The college myth, the freshman legend, the calorie gainer phenomenon are some of the names you could use to describe the dreaded “Freshman 15.” The Freshman 15 is the commonly referred term for gaining 15 pounds during your first year of college. Some may think they could never gain 15 pounds within their first year away from home, but adapting to a budgeted college food lifestyle without the convenience of mom’s homemade cooking can be a difficult adjustment.
There’s going to come an inevitable point in your semester where you’ll find yourself late night binge eating to compensate for the amount of stress you have for your essay you decided to do last minute. However, the irony is the Freshman 15 is completely avoidable by simply regulating your college diet and maintaining both your mental and physical health. Check out some of these easy to follow tips to defeat the Freshman 15.
Exercise on a Weekly Basis
Exercising in college is definitely an undesirable activity to manage in between your long hours of studying and piles of homework, but setting aside time in your schedule to exercise once or twice a week makes a big difference. Whether it’s just 30 minutes on the treadmill or an hour of conditioning, any form of exercise on a weekly basis will help in the long run towards maintaining your shape and being a healthy college student, which amidst the thousands of sleep deprived racooned eyes college students can be hard to find.
Explore dietary options in your dining hall.
The dining hall is the main enemy to blame for the Freshman 15 since you’re stuck with dining dollars throughout both semesters and can only eat what is available to you, but there’s always healthy options available at your college dining hall. Cheeseburgers and chicken tenders aren’t the only daily food available as most colleges have salad and soup bars if you’re looking for a lighter meal. In addition, some colleges have meals designed specifically for food allergies, vegetarians, vegans, which means you can get pretty creative in mixing up your food options amongst different vendors in your dining hall. Though the idea of having unlimited access to junk food in your dining hall may seem appealing, try to mix it up every once and a while and venture towards the various healthy options available.
Do not skip on breakfast, lunch, or dinner.
Skipping out on meals may not seem like a big deal to college students especially when you’re in a rush to your 8 AM class in the morning or you have too much cramming to do the night before on your exam and skip out on dinner, but skipping out on the 3 necessary meals of the day can take a toll on your health. Missing out on meals can actually disrupt your dietary system, and make your body hold onto fat due to feeling starvation. Plus only good things come out of maintaining a balanced eating diet like improving your concentration and increasing your energy throughout the day in order to survive through your classes. Though you may only have 10 minutes to make it to your 8 AM class because you overslept, at least try to grab a banana or pop tart on your way out the door because breakfast really is the most important meal of the day.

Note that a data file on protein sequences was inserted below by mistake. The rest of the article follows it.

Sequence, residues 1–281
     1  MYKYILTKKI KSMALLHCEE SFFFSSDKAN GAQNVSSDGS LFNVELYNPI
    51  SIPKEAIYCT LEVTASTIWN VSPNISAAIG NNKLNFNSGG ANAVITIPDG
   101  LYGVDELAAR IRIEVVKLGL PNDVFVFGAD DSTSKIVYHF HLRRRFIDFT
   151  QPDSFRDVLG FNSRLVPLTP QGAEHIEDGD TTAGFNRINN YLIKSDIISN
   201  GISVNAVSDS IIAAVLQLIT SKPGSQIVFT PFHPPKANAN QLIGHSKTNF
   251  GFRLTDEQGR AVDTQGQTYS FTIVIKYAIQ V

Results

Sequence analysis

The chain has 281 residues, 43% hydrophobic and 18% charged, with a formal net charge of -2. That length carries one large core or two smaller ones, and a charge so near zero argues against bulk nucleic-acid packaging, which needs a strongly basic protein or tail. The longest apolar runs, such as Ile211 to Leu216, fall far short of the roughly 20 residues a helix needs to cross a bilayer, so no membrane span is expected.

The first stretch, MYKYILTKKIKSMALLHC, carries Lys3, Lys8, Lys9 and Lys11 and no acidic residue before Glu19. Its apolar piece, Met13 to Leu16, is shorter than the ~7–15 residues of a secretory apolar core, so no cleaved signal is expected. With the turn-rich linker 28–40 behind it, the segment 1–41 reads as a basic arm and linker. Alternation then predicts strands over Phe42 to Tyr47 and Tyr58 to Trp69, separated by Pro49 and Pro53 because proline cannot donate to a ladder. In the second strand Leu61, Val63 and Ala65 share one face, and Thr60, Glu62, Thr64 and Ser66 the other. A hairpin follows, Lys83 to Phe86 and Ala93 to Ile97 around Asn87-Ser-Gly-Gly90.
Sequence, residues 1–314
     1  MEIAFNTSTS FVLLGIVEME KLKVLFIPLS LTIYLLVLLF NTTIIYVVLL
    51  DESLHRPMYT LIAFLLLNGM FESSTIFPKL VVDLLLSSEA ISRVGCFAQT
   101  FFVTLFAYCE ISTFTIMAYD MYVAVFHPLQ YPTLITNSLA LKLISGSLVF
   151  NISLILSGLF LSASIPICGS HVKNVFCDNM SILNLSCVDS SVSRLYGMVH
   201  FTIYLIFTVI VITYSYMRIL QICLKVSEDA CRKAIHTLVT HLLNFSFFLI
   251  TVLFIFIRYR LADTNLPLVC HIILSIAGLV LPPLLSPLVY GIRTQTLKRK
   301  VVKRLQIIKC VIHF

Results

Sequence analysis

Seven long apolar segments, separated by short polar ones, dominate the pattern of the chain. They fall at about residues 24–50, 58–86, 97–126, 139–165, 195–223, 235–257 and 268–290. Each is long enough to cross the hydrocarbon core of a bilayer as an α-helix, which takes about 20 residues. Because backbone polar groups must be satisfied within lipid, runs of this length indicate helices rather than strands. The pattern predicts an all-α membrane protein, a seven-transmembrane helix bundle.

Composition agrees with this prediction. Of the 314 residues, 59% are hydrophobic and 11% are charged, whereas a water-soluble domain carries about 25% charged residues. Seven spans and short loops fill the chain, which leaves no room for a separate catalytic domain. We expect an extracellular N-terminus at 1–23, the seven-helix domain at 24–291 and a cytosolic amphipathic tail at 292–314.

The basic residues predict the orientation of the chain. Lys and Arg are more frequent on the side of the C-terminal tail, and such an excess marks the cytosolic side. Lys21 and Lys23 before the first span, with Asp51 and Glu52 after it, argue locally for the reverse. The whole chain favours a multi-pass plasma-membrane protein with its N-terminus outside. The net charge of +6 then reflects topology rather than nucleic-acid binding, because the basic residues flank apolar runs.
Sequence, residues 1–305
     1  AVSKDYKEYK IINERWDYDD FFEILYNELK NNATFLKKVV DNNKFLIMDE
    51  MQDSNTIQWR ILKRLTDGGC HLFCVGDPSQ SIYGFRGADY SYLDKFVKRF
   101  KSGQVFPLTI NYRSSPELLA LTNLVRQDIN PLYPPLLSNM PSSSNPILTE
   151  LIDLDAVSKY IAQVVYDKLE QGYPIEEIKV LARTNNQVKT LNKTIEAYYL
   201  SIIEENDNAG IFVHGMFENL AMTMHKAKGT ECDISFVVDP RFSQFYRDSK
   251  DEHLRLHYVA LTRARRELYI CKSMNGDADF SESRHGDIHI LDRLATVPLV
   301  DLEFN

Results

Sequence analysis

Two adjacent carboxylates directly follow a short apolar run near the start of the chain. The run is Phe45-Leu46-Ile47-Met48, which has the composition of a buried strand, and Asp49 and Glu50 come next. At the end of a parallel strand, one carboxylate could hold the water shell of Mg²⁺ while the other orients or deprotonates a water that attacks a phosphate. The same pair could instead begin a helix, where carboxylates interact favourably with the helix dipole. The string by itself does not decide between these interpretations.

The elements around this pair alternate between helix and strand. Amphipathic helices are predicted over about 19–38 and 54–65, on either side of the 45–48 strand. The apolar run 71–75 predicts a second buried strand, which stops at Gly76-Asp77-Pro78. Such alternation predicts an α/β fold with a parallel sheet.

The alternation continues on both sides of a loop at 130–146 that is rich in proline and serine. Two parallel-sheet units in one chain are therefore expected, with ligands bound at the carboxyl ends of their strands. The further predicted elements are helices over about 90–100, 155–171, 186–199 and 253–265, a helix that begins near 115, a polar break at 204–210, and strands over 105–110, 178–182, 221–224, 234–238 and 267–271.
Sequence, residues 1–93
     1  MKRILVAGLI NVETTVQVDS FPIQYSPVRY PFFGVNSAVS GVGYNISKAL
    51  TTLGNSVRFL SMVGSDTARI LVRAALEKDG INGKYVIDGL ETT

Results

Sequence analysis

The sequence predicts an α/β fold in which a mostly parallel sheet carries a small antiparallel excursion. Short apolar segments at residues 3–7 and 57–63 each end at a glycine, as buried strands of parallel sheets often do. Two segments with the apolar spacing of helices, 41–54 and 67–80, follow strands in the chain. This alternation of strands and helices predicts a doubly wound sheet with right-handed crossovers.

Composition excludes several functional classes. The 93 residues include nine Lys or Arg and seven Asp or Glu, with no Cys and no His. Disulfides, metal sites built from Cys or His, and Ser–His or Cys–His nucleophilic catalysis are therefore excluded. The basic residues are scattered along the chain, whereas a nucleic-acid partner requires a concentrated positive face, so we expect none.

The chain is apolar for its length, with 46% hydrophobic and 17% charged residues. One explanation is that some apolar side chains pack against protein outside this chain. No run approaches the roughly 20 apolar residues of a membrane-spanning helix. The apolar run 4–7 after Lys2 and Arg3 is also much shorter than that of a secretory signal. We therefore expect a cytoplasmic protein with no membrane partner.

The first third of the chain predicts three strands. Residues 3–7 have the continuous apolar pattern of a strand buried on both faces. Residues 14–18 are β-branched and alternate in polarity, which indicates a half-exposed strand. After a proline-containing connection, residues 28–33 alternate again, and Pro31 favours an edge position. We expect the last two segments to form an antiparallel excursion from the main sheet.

Try your best not to late night snack.
Late night snacks are inevitable when it comes to stress and having college dollars, but there’s a high likelihood that you will regret stress eating the night before when you wake up. Chocolate, cereal, chips, and more can be your best friend as you panic the night before on a final project due the next day, but in reality food cannot help your academic problems go away. Scientifically, eating late at night makes your body more likely to store calories and fats instead of burning them off as energy, due to your metabolism processing food slower in the evening. Therefore, try to get your studies done ahead of time, so you can put the stress eating chocolate down and get a good night sleep instead.
Make your own food in your dorm.
Eating at your college dining hall everyday can get boring for your tastebuds or you may not want to eat amongst all your fellow classmates because you don’t feel good or don’t want to be around people. That’s why making your own food in your dorm provides both peace and privacy. Though you may be limited with cooking appliances in your dorm, most of the time you will always have a microwave or mini fridge. Grocery stores like Whole Foods and Trader Joe’s contain lots of microwavable meal including vegetarian and vegan options. Getting creative with your grocery shopping can be a great way to discover new healthy meals or snacks that aren’t normally available in your dining hall.
Treat yourself outside your dining hall every once in a while!
Though you may be on a college budget, there’s nothing wrong with eating outside of your dining hall every once and awhile and having fun trying different restaurants and cafes. Truthfully don’t concern your daily dietary life with the fear of acquiring the freshman 15 and make sure to treat yourself to foods you enjoy because your hard work of studying and being a college student in general deserves it. By maintaining both your physical health and your mental happiness throughout both of your semesters, the freshman 15 will only be a fable college myth.